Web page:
Steve paused and was about to lean against the side of the cage, before thinking better of it. “So you’re kind of like that Librarian guy, then,” he said.
“Please,” the man scoffed. “Doole E. Decimalsystem barely reads. His MO is more centered on the organization of literary works, not the actual content and thematic considerations of these works. We’re no more alike than Manchego cheese and simple cottage cheese.”
“So, you’re not alike then…?” Steve asked hesitantly.
“Absolutely not. And more importantly, the Librarian, the miscreant who sold you, is one of those so-called supervillains. I, on the other hand, am your ally.”
Steve was mildly relieved. “That’s good to hear. What’s your name, anyway?”
The man stood up and extended his hand to Steve. “I am delighted that you asked. My name is Vulcan Hephaestus.”
Steve tried to stifle his laughter. “Vulcan Hephaestus? That’s the most supervillainey name I’ve ever heard. Do you have evil forge powers or something?”
Vulcan lowered his hand. “I assure you, I am not a supervillain,” he said sternly.
Steve tried to compose himself. “Okay, okay, I’m sorry. It’s been a long day, that was uncalled for. I apologize, Vulcan Hephaestus.” Steve extended his hand.
Vulcan looked at it for a moment, before hesitantly shaking it.
“So where are we anyway?” Steve asked, looking around. “Is this some kind of theater?”
“You have a good eye,” Vulcan replied. “This is the old Catfish Grove Theater. It was once the pride of Heaven’s Head. But it closed close to thirty years ago.”
“What happened?” Steve asked.
“The last show that ran in this theater. It was called A Country Fried Christmas. It portrayed the Bullion family, a lovable Southern family, as they navigated the trials and tribulations of the holiday season in comic fashion. At the end of the play, all of the family members sat down for Christmas dinner, having learned that the true meaning of Christmas is the love of your family, and also apparently state’s rights. The play closed as they each ate a full serving of chicken-fried steak while singing Christmas carols together.”
“Chicken-fried steak for Christmas dinner?” Steve interjected.
“You and I may question this decision, yet A Country Fried Christmas was perhaps the most popular play that the Catfish Grove ever put on. It ran for weeks. At least until the night when the cast, having consumed a full chicken-fried steak dinner six nights a week for the past eighteen weeks, all died of simultaneous heart attacks during the closing scene. The theater was immediately closed, but the set remains to this day.” Vulcan pointed to the dining room table and kitchen appliances Steve spotted when he first woke up.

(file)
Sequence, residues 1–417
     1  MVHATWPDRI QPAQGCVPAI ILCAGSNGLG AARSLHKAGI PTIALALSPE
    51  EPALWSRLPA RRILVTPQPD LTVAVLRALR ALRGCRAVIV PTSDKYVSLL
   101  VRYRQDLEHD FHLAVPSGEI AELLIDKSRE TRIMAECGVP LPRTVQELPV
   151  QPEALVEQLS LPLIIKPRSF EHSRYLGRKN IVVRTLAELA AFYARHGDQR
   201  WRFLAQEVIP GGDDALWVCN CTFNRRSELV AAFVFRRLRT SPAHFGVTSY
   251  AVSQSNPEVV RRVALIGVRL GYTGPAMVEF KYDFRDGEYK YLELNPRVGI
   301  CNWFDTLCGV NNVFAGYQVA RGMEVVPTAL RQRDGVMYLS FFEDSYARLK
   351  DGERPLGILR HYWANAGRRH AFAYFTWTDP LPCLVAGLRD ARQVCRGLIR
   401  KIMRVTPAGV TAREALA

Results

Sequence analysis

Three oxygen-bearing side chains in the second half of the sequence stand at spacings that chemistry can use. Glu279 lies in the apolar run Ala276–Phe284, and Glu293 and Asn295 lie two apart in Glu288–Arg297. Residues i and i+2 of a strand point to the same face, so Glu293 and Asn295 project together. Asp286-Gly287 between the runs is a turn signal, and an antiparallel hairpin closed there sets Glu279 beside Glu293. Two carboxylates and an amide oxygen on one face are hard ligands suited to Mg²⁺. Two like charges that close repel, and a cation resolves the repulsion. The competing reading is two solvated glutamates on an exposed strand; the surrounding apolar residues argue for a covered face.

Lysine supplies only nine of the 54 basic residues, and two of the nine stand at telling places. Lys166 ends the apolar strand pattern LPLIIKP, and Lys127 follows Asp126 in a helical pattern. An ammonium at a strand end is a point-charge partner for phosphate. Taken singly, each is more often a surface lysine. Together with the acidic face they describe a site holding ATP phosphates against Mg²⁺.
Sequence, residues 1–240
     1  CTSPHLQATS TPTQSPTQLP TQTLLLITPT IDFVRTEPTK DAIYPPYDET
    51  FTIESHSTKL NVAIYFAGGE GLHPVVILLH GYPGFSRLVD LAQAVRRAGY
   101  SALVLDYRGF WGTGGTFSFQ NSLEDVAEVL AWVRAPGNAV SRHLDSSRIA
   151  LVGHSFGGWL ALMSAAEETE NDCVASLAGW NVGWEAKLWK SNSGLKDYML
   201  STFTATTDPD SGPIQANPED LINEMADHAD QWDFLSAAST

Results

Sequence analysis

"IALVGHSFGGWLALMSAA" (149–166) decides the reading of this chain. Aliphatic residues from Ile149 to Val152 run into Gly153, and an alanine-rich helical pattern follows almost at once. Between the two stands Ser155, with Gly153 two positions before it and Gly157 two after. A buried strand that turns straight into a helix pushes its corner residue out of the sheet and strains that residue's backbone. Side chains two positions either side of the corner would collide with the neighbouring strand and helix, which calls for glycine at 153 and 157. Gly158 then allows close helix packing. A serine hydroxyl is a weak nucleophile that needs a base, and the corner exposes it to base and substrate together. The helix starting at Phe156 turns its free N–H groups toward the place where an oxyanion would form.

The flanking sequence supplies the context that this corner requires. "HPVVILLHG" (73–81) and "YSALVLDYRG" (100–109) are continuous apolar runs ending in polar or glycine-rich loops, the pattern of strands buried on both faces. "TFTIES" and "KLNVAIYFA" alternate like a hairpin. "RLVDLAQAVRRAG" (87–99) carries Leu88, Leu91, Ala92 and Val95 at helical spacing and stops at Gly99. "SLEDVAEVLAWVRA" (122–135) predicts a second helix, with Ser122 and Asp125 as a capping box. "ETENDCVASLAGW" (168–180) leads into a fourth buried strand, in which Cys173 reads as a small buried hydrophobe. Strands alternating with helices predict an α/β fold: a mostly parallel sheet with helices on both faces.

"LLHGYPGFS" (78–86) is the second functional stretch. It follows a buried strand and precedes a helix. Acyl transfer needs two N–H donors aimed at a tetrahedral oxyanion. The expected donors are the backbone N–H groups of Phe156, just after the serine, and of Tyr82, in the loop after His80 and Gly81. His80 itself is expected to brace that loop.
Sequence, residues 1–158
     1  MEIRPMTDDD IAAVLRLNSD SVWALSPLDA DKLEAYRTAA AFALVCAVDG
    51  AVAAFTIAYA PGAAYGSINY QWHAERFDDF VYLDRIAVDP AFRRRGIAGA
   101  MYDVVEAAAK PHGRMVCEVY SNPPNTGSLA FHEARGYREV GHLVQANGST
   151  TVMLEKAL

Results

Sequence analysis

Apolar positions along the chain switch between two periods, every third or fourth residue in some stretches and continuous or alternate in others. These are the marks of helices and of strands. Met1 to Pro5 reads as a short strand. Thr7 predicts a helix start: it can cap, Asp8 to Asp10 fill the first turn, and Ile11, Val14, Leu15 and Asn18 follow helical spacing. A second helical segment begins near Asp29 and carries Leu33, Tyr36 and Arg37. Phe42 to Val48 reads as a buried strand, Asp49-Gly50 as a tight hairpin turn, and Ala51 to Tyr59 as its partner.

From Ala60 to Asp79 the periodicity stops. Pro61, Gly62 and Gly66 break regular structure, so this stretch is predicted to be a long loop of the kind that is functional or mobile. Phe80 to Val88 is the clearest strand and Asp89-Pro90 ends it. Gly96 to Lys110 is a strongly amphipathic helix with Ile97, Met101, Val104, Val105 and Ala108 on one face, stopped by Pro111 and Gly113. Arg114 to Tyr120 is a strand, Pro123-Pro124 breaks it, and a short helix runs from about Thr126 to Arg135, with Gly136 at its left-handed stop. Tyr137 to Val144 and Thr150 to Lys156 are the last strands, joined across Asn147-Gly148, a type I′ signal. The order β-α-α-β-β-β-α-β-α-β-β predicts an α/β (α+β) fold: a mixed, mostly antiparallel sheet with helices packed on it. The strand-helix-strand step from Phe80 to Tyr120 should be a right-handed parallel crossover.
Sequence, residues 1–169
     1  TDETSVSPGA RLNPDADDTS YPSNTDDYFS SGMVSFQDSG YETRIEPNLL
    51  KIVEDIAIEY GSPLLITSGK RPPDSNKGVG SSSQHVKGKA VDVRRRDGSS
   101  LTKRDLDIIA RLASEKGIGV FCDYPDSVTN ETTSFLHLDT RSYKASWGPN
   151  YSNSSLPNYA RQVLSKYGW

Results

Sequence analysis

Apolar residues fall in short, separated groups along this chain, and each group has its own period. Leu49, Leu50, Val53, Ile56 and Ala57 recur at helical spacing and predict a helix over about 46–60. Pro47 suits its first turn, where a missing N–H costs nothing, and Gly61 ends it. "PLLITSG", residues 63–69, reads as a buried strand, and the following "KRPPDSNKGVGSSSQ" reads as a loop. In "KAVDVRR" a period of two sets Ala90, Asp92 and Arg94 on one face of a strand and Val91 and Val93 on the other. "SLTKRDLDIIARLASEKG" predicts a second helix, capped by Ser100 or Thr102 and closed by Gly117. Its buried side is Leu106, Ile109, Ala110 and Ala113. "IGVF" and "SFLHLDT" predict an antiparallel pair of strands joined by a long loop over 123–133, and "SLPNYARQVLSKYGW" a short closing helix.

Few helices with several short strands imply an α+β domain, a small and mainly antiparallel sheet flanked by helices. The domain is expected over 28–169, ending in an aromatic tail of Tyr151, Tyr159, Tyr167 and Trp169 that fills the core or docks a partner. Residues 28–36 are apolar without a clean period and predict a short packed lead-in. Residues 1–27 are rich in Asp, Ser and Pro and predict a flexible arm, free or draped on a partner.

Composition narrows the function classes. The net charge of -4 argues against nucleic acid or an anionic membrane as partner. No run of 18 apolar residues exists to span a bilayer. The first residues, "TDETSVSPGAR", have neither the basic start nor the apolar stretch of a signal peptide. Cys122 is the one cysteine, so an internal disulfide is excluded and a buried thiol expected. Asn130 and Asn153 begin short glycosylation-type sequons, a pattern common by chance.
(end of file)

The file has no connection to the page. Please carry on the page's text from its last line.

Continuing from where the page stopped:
Steve was not happy to hear that he was trapped in a room where several people died due to overeating. He decided to change the subject. “So how did you end up here?” he asked Vulcan.
“HHPD had been investigating a series of grisly murders that I had tied to the Bird, Mouse, and Sausage. I had a feeling that this is where they had taken refuge.” He extended his arms and gestured towards the cage walls around him. “It appears I was correct.”
“Okay, so what do we do now?” Steve asked.
Vulcan’s wry smile came back. “Well, from what I understand, you’re quite the important individual. I heard the Bird, Mouse, and Sausage speak to each other about how you’re supposedly destined to save the world. So I ask you, if your journey were a story, would you consider yourself the protagonist?”
“Yes,” Steve said without a moment of hesitation or self-awareness.
“Excellent,” Vulcan replied. “Every protagonist needs a guide, a mentor. If what those three said is true—their talk of artifacts and prophecies and alligators—then you will need someone who can prepare you for the ordeals to come.”
“I can work with that,” Steve said. “Davy’s gonna be stoked to hear I’ve got a mentor.”
“Who’s Davy?” Vulcan asked.
“Oh, he’s my friend,” Steve answered. “I guess you could call him my sidekick, in your terms.”
“I see,” Vulcan said. “Well, if you want to see your friend again, I would encourage you to follow my advice. We need to find a way out of here soon.”
“Why so soon?” Steve asked.
“Because if I heard the trio correctly, they’re working for the Mother, and she’s coming here,”Vulcan began. “And when she arrives, all the advice in the world will not be able to save you.”